Munich Personal RePEc Archive

Bounded Leviathan: or why North & Weingast are only right on the right half

Irigoin, A and Grafe, R (2012): Bounded Leviathan: or why North & Weingast are only right on the right half. Published in: LSE Economic History Department Working Papers No. 164/12 : pp. 1-33.

WarningThere is a more recent version of this item available.
[img]
Preview
PDF
MPRA_paper_39722.pdf

Download (288Kb) | Preview

Abstract

‘Constitutions and Commitments” has inspired the economic literature on the importance of “Legal origins” (LaPorta et al., 1998, 2008), which vindicates the notion that post-Glorious Revolution English institutions were particularly conducive to economic growth. More recently economists have acknowledged that growth in fact depends on “state capacity”. This encompasses not only investor protection (legal capacity) but also the ability of the state to finance itself, “fiscal capacity”.(Besley and Persson, 2009, 2010) show that the protection of private property rights and that of public property rights to taxation are linked and most likely co-evolutionary. However, the precise relation between the two is anything but clear. This paper argues that North and Weingast’s model’s one-sided focus on state coercion that threatened subjects’ property rights has obscured the relation between coercion used in revenue collection and total revenue role of fiscal capacity. We suggest a very simple model to show that this relationship between state fiscal capacity and legal capacity is not linear, especially in the phase of nation state building. The case of Spain provides empirical evidence for the existence of states were an increase in coercion would have improved fiscal capacity, but high levels of legal capacity paradoxically prevented the ruler from adopting this path. We use financial market developments to show the serious welfare implications that resulted from such a lack of coordination and integration.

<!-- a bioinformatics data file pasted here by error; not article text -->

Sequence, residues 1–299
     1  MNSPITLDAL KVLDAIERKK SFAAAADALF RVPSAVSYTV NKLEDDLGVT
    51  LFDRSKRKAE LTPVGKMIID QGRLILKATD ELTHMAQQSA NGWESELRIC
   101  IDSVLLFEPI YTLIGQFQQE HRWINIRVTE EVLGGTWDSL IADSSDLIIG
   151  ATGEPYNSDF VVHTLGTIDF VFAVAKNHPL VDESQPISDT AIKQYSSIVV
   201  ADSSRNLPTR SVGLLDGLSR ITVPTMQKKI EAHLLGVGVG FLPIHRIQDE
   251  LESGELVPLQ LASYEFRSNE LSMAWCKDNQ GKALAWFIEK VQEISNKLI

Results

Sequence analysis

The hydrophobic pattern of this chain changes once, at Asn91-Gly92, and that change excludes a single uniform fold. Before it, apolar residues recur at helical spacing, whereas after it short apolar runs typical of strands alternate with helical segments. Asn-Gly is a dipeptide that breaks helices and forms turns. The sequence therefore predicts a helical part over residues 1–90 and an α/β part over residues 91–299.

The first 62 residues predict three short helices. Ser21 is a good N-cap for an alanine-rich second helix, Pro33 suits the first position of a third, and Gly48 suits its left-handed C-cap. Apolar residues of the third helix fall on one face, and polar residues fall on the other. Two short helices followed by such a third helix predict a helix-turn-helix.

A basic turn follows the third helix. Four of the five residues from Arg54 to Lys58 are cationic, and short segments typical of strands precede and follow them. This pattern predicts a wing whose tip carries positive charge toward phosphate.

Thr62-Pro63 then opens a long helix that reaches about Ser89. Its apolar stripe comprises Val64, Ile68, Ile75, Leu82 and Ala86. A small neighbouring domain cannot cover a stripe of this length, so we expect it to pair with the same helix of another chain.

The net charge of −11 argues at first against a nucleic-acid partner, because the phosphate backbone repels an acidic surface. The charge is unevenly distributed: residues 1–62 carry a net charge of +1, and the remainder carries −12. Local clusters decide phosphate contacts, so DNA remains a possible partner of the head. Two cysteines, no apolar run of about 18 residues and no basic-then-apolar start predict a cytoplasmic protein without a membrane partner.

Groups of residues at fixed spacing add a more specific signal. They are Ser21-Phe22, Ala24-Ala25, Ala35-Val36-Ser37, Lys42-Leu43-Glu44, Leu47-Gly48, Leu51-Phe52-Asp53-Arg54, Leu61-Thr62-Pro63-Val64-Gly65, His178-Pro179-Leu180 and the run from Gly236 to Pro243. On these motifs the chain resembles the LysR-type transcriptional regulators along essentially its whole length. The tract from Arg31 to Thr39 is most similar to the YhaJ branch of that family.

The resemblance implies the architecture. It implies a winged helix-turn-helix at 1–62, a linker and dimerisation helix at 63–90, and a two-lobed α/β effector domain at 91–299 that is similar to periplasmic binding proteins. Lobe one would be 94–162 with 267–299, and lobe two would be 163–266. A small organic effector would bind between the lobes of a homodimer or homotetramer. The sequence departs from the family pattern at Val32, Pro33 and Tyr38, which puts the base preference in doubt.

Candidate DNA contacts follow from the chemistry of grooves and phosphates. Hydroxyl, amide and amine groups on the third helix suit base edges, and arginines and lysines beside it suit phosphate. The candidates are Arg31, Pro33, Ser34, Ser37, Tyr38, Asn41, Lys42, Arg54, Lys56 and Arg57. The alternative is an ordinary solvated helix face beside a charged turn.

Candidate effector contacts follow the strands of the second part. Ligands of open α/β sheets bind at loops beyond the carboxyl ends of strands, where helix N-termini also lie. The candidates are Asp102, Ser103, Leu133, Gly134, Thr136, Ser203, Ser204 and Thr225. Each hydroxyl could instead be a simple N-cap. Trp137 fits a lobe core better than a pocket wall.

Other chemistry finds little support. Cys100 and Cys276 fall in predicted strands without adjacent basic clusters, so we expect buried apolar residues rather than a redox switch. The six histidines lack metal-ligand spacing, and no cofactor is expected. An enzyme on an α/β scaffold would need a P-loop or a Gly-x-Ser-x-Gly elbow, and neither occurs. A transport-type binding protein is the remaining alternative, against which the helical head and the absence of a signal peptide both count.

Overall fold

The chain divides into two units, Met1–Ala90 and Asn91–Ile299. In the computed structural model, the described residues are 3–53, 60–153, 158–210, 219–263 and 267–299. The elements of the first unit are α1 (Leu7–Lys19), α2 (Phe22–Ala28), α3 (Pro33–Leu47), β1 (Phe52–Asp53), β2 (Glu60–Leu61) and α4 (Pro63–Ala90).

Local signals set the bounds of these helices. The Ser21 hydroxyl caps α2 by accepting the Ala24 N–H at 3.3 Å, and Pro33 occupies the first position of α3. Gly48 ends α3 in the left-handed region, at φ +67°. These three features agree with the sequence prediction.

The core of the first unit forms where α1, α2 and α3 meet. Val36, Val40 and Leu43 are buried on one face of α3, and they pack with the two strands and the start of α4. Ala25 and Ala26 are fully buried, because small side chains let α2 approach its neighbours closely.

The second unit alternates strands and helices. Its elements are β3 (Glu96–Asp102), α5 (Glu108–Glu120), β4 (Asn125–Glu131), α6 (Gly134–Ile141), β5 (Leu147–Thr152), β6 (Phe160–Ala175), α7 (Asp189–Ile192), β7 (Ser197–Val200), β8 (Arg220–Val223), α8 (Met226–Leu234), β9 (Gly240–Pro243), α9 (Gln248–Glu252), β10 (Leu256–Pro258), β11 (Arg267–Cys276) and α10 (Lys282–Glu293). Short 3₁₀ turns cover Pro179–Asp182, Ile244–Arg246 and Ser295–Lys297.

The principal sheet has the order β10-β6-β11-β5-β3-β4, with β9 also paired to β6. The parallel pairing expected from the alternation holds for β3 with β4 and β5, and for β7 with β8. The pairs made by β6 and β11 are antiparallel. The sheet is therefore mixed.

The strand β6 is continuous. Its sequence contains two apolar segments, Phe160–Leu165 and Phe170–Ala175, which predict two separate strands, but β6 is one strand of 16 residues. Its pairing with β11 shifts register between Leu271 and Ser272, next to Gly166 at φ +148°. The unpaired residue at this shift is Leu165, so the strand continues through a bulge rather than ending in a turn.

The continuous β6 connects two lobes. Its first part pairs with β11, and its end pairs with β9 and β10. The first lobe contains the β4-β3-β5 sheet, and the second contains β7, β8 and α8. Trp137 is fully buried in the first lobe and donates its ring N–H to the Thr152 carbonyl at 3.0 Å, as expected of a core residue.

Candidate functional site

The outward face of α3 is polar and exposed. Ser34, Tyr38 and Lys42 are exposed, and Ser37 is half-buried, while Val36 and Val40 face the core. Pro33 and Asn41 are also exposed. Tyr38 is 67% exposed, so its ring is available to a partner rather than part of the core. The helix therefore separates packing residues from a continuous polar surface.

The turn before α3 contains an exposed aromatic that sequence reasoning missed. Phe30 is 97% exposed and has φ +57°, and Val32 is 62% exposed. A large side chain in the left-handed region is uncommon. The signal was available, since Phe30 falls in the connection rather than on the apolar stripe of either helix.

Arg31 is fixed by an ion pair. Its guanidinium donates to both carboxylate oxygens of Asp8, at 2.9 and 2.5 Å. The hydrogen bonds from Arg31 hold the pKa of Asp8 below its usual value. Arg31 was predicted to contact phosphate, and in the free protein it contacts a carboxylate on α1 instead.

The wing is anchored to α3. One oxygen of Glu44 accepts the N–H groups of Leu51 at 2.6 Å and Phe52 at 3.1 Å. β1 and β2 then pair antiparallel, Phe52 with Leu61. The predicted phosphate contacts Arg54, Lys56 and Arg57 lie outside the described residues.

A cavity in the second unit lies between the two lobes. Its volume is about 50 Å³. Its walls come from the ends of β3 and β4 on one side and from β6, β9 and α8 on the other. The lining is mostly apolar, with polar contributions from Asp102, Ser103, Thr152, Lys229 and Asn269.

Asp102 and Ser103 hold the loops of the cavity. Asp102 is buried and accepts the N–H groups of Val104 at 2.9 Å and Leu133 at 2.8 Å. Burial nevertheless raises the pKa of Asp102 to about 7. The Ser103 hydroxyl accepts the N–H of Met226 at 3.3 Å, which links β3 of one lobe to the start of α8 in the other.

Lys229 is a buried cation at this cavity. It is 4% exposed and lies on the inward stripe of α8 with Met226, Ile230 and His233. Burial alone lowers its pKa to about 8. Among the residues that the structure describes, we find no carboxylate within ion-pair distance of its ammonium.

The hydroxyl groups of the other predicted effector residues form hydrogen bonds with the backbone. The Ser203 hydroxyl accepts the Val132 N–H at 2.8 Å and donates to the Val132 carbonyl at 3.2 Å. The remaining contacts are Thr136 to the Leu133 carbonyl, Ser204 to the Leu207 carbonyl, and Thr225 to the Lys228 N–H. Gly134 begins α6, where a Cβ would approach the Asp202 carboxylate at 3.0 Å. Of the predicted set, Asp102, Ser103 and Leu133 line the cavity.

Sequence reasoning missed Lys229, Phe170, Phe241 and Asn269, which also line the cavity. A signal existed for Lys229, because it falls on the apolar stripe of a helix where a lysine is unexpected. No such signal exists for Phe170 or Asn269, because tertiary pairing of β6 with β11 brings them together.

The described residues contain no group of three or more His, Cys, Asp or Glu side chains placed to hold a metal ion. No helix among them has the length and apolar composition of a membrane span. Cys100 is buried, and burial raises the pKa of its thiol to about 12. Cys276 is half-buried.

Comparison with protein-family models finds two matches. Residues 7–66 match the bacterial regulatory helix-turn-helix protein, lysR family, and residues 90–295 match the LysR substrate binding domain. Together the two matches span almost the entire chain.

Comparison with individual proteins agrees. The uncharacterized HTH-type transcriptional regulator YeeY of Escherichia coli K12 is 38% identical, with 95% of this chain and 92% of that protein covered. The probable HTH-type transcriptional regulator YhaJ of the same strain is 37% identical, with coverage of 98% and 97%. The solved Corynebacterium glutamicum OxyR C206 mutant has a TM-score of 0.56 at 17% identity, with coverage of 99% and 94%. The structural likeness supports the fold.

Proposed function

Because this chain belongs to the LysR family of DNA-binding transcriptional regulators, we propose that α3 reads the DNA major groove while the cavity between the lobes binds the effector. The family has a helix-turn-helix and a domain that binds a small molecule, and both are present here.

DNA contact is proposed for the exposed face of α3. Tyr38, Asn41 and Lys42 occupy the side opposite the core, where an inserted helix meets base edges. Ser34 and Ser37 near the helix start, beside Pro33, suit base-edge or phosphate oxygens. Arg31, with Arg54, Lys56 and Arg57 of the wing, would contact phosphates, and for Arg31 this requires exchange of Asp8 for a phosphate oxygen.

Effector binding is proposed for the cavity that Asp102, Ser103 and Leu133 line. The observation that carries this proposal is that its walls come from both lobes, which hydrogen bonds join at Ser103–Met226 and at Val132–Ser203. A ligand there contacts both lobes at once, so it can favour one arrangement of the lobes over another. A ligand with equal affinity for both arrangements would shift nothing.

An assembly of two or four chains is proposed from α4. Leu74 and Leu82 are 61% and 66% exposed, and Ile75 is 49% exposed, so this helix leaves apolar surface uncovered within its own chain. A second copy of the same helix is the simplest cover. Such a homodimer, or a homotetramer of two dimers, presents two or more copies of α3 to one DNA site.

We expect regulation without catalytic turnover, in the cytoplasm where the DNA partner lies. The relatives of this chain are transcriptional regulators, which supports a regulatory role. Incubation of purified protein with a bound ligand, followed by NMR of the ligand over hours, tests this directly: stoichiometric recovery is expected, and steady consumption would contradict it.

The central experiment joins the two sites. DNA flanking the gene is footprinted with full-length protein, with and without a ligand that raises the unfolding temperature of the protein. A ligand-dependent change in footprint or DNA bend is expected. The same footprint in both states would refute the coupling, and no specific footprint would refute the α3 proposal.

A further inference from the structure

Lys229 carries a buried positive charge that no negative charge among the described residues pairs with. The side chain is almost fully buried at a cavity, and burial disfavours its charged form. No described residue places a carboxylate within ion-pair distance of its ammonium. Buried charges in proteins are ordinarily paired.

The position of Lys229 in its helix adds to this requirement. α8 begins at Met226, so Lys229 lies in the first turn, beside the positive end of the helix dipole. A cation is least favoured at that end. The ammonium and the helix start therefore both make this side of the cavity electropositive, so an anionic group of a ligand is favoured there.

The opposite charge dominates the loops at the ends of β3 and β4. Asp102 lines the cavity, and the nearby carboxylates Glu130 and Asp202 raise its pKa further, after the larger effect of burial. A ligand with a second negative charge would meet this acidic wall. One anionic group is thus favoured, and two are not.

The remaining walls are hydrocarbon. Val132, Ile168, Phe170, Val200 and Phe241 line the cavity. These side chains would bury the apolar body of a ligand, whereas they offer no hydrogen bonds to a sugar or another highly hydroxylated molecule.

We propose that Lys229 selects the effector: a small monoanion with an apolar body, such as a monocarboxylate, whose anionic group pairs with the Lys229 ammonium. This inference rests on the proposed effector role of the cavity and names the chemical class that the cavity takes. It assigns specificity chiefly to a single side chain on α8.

Available Versions of this Item

UB_LMU-Logo
MPRA is a RePEc service hosted by
the Munich University Library in Germany.